DESIRABLE ALIENS by John Bovey

DESIRABLE ALIENS

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KIRKUS REVIEW

Bovey is a retired consular official, and so it isn't startling to find him placing his stories at far and various removes (Halifax, Casablanca, The Hague) and most usually within the arc of a philosophical shrug at human fallibility. His most autobiographical-seeming tales, however, have a dry, almost stale quality: war-time brief encounters (""I would not love again in quite the same way as I had loved before""); an American diplomat's wife half-wittingly tempting a Moroccan day laborer; a postwar consul clumsily fielding a bribe from a Dutch couple who want to go to America. On the other hand, when Bovey steps more out of himself, there's at least a flash or two of animation: jealousy in Provence; an earnest young Swedish girl pressured politically to give herself to a black AWOL American soldier (a story with an unfortunate whiff of racism). Overall, the meanderings of Bovey's fiction are rarely hair-pin (drama is sorely lacking), but though unremarkable, these stories are undemanding, genteel, and not unagreeable.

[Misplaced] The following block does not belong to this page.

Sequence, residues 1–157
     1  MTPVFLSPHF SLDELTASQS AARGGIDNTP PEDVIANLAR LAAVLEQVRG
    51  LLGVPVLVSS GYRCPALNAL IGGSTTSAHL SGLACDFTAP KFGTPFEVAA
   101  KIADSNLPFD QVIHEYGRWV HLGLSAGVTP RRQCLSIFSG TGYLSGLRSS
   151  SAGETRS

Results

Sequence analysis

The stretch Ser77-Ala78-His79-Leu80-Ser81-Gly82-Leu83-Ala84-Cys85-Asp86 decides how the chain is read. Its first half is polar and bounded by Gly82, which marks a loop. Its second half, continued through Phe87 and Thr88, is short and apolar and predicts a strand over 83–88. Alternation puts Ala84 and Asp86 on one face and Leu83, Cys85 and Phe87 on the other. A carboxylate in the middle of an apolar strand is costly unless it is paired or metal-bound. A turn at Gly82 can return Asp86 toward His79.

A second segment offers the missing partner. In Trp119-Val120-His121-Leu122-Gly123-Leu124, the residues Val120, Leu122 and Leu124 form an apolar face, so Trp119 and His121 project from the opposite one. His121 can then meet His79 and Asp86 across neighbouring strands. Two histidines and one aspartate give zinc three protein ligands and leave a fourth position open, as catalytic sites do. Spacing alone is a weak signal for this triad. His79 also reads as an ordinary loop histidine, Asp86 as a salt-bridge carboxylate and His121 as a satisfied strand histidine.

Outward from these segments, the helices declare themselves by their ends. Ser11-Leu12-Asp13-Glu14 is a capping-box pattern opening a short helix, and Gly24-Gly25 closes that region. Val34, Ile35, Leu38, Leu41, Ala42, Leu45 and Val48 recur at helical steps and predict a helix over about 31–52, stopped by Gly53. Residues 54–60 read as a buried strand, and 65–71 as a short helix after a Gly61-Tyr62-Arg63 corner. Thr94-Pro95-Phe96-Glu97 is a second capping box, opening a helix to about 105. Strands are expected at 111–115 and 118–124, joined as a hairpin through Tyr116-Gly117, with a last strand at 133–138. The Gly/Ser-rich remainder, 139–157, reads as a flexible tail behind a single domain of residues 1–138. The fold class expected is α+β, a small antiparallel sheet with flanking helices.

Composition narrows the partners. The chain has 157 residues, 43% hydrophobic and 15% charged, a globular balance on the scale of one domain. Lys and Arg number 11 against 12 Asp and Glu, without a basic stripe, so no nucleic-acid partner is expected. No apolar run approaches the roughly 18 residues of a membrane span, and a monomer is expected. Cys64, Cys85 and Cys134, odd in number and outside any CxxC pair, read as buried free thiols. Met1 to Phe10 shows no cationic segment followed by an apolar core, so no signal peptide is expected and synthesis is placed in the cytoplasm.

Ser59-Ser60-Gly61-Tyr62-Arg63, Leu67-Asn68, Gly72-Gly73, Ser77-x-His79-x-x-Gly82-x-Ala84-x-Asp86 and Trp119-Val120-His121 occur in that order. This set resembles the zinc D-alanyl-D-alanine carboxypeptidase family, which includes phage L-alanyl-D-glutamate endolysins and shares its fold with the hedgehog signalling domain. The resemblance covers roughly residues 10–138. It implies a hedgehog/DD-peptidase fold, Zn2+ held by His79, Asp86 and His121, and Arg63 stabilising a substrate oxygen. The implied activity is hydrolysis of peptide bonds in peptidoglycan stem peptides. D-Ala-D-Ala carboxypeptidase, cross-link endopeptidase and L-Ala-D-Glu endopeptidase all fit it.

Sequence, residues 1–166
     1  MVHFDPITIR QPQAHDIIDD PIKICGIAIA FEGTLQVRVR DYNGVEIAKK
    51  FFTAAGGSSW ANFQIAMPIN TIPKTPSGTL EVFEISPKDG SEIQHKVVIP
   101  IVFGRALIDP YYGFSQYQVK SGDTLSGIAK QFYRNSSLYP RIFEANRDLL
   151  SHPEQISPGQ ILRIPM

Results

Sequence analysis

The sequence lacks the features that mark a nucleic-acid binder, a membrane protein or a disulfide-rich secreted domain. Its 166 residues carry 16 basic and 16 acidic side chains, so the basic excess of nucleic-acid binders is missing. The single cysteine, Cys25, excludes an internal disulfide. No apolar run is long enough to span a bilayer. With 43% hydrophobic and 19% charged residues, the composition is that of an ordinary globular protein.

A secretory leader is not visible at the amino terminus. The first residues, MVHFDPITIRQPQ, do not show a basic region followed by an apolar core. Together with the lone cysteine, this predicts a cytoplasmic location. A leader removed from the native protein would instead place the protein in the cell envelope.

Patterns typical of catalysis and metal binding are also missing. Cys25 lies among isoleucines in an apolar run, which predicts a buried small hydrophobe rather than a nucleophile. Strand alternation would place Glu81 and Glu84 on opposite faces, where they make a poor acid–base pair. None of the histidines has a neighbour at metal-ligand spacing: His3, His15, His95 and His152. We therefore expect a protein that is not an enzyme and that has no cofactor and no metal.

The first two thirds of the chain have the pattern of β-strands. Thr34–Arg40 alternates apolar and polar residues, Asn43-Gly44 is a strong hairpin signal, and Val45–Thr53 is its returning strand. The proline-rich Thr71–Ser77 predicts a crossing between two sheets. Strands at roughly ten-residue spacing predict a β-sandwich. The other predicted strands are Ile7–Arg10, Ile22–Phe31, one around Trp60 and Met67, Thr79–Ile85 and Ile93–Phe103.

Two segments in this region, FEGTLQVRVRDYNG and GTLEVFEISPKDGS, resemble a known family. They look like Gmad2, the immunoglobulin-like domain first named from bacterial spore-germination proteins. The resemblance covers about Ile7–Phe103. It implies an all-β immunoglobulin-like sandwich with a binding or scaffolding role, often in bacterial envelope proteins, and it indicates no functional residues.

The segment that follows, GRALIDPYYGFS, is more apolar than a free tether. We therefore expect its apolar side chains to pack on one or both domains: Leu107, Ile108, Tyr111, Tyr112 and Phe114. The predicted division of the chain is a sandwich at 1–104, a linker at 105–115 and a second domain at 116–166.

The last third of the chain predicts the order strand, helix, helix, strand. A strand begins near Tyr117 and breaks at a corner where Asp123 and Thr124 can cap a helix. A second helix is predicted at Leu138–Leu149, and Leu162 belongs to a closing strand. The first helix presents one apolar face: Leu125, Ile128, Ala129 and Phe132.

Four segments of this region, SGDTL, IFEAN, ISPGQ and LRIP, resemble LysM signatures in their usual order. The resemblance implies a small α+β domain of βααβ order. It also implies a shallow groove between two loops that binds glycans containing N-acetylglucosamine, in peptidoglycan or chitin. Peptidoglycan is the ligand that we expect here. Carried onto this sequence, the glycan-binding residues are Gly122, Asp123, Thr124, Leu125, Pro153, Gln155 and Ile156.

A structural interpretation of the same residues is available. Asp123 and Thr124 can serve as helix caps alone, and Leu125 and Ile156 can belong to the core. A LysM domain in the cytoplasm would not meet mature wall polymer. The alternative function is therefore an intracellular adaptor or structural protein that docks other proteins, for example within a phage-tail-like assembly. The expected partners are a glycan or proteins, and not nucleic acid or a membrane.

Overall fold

Pub Date: Dec. 1st, 1980
Publisher: Univ. of Illinois Press